Some proptech companies home in on a specific area of the real estate realm – like property management and repairs (like SMS Assist), building algorithms for buying, renting or selling (such as Open Door), or creating a real estate portal (Home Link). Others take a more holistic approach and re-think traditional real estate models from the ground up (enter Purple Bricks).

For the flexible workspace sector, proptech innovation brings huge potential and helps providers create more value for tenants. Augmented reality and virtual reality tours of work space, chatbots giving 24/7 tenant support, biometric security tech – these are some of the ways proptech could enhance co-working infrastructure.

IWG has already entered the proptech realm with its IWG Broker app. Available on iOS and Android, the app makes it easier than ever for agents and brokers to submit, track and manage referrals across all of IWG’s brands: Regus, Spaces, No18, HQ and Signature by Regus.  At the swipe of a smartphone, representatives can connect clients with inspiring workspaces across the network, track their referrals and commission payments from their mobiles.

Why is proptech having such a moment in the sun?

There’s the maturing millennial market. Au fait with technology, millennials use smartphones to find everything from a parking space to a romantic partner. As they enter a stage in their life where they seek new property – either to live in, or for setting up their own business – millennials are more comfortable trying out new tech products that fit more seamlessly into their lives.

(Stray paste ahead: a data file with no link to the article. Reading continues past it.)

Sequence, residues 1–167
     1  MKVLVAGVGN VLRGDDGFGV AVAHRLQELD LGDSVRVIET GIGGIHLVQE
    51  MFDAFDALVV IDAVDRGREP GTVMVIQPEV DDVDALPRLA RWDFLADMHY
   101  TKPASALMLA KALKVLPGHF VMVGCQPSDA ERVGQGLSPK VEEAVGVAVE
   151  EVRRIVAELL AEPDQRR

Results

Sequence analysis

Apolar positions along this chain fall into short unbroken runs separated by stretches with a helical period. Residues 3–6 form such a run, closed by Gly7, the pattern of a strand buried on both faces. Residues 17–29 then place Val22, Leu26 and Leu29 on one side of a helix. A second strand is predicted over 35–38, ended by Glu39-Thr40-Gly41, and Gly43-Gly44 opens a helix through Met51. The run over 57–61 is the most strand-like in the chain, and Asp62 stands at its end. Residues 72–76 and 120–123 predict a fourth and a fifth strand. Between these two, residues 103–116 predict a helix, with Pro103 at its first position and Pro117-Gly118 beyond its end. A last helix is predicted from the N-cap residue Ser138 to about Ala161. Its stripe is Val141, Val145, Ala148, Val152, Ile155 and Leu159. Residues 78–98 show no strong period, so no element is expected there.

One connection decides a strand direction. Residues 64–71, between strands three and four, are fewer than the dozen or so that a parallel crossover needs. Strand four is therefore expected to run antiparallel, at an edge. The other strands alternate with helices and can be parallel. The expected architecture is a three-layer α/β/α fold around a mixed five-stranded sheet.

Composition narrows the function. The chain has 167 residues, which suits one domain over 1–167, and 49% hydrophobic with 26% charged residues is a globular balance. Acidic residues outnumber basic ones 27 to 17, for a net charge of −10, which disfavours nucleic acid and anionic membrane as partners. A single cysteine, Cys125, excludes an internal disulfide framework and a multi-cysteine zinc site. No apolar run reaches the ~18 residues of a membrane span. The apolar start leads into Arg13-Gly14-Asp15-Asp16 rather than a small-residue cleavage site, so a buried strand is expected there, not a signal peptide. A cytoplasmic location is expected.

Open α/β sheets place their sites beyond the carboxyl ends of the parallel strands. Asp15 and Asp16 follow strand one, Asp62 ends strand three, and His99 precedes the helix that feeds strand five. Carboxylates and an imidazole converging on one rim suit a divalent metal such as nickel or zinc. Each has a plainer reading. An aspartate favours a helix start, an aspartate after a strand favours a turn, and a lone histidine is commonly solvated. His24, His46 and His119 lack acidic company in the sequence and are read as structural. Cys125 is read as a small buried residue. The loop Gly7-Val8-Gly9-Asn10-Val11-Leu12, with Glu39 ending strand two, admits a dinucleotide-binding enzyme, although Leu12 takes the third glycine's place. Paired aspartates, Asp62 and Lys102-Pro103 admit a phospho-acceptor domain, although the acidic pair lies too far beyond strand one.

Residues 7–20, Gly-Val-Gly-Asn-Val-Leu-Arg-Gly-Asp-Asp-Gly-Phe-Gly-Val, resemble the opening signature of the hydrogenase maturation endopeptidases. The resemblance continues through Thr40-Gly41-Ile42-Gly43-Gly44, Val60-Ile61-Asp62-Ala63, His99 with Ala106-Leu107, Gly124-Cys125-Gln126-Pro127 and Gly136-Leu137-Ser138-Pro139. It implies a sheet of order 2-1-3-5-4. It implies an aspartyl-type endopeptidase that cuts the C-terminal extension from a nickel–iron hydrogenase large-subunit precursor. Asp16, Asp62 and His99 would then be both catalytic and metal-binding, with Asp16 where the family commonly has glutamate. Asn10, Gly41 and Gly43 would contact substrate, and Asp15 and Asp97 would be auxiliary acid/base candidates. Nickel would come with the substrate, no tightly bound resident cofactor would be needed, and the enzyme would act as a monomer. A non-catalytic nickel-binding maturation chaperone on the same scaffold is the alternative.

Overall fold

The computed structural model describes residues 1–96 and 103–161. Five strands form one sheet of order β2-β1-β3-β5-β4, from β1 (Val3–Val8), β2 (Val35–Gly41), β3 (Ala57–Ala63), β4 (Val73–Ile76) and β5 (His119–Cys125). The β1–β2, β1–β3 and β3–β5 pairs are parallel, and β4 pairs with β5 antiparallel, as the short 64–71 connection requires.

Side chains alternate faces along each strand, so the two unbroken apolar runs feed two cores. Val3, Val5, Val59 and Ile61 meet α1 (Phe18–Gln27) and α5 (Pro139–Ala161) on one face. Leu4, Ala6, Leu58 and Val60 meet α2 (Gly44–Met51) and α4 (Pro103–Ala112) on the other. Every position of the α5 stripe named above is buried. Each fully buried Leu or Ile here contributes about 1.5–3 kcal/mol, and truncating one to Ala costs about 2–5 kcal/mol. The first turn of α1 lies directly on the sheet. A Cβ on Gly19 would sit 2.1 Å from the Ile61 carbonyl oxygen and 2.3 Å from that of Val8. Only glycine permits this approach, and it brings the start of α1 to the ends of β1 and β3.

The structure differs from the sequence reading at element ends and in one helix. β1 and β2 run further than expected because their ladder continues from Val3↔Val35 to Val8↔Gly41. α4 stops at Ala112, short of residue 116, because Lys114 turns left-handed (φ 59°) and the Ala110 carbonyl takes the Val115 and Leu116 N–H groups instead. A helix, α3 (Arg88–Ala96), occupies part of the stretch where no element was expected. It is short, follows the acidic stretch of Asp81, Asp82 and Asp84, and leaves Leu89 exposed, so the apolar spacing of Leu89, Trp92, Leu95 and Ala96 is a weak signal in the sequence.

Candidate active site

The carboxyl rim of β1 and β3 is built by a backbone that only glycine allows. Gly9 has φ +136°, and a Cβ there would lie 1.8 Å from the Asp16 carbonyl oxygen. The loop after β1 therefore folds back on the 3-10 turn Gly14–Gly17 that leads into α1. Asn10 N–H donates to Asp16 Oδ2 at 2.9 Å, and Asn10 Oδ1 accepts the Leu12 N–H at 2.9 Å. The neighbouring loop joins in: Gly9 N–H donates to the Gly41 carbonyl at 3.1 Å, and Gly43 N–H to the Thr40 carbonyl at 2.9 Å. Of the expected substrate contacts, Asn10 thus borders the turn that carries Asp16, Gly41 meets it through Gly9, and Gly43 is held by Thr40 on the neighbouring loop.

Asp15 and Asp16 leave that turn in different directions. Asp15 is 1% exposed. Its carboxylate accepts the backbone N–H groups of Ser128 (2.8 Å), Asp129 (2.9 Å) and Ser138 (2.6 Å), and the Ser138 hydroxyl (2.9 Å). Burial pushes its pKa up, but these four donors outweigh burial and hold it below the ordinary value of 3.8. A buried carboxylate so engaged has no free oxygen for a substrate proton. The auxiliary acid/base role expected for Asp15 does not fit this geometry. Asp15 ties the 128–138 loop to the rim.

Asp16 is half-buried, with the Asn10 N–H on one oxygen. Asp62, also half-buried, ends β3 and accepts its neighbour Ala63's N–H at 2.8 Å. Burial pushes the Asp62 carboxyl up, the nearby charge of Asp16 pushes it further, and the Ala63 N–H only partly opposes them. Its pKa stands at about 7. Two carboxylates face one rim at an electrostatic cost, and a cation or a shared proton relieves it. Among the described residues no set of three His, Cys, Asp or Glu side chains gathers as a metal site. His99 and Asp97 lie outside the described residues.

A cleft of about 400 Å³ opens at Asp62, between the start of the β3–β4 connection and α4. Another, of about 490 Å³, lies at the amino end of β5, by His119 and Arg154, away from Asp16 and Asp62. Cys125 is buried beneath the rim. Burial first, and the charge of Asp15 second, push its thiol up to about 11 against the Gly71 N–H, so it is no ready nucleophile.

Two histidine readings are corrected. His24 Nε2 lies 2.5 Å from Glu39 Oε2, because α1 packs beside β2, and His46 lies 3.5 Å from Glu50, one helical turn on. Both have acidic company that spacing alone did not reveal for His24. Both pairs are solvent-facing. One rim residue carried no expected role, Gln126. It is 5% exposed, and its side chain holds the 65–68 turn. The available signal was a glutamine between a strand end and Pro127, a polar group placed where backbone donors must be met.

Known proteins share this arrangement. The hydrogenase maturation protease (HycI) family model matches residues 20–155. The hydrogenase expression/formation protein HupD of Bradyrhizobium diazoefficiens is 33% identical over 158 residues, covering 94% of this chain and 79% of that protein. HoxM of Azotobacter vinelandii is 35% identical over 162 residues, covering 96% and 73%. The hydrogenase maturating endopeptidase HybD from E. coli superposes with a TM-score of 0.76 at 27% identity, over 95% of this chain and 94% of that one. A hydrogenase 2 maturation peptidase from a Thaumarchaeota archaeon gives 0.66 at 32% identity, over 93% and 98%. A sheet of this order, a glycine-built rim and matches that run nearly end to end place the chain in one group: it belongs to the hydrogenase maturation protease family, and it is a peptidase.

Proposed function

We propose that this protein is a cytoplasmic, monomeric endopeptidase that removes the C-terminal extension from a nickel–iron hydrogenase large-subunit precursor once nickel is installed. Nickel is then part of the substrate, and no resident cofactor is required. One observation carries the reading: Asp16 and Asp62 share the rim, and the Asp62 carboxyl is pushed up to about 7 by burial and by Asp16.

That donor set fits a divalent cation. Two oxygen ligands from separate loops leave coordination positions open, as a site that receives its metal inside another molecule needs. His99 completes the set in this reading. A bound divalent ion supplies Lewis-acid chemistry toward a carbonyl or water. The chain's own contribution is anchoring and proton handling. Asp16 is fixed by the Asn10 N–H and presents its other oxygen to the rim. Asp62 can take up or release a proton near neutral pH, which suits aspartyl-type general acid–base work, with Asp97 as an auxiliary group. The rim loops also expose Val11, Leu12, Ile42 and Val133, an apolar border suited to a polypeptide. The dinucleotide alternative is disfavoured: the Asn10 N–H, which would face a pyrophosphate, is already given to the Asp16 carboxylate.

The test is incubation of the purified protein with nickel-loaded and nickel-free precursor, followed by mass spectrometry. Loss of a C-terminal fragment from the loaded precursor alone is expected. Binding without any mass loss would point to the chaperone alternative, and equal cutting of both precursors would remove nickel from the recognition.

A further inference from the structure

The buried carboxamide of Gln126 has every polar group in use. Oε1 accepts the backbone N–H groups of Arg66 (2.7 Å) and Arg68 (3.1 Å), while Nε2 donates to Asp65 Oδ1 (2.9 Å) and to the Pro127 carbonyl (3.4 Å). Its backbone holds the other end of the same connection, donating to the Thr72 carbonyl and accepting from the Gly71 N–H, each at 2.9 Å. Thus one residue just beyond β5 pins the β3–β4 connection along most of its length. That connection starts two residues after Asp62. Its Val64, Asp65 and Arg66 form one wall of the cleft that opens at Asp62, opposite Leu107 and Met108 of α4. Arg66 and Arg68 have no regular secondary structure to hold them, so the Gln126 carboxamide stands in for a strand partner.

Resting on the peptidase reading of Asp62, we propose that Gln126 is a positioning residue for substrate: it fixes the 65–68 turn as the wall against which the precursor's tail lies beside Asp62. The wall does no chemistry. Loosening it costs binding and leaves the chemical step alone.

Proptech is also thriving in highly populated areas

As people prepare to up sticks and relocate from rural areas to big cities – particularly in Asia – online real estate agents allow them to find a new home or place to work without having to start the search on the ground.  Proptech is also being created to help plan and build new infrastructure for growing populations in metropolises.

There are conferences and trade fairs dedicated to proptech, such as BWT Asia (Build World Technology) the leading global conference of its kind.  The 2019 edition took place in Singapore in April, and featured a Proptech Innovation Contest, – where six finalist proptech companies pitched their ideas live – as well as keynote speakers from all kinds of real estate, construction and tech backgrounds.  It’s a hotbed of ideas, where technology and real estate collide to create impactful new products and services. There’s also MIPIM PropTech Europe, taking place in Paris in July, where thought leaders in real estate will come together to share ideas and the track trends shaping this dynamic sector.

IWG sees the huge opportunities that proptech is already bringing to the commercial real estate sector. We’re excited to explore the possibilities it brings for flexible working, and how it will help us innovate our products and services in ways we could only have dreamed of in the past.

IWG is the world’s largest provider of modern, flexible workspace to some of the most successful, entrepreneurs, individuals and multi-million-dollar corporations today. Visit the Regus website to discover more.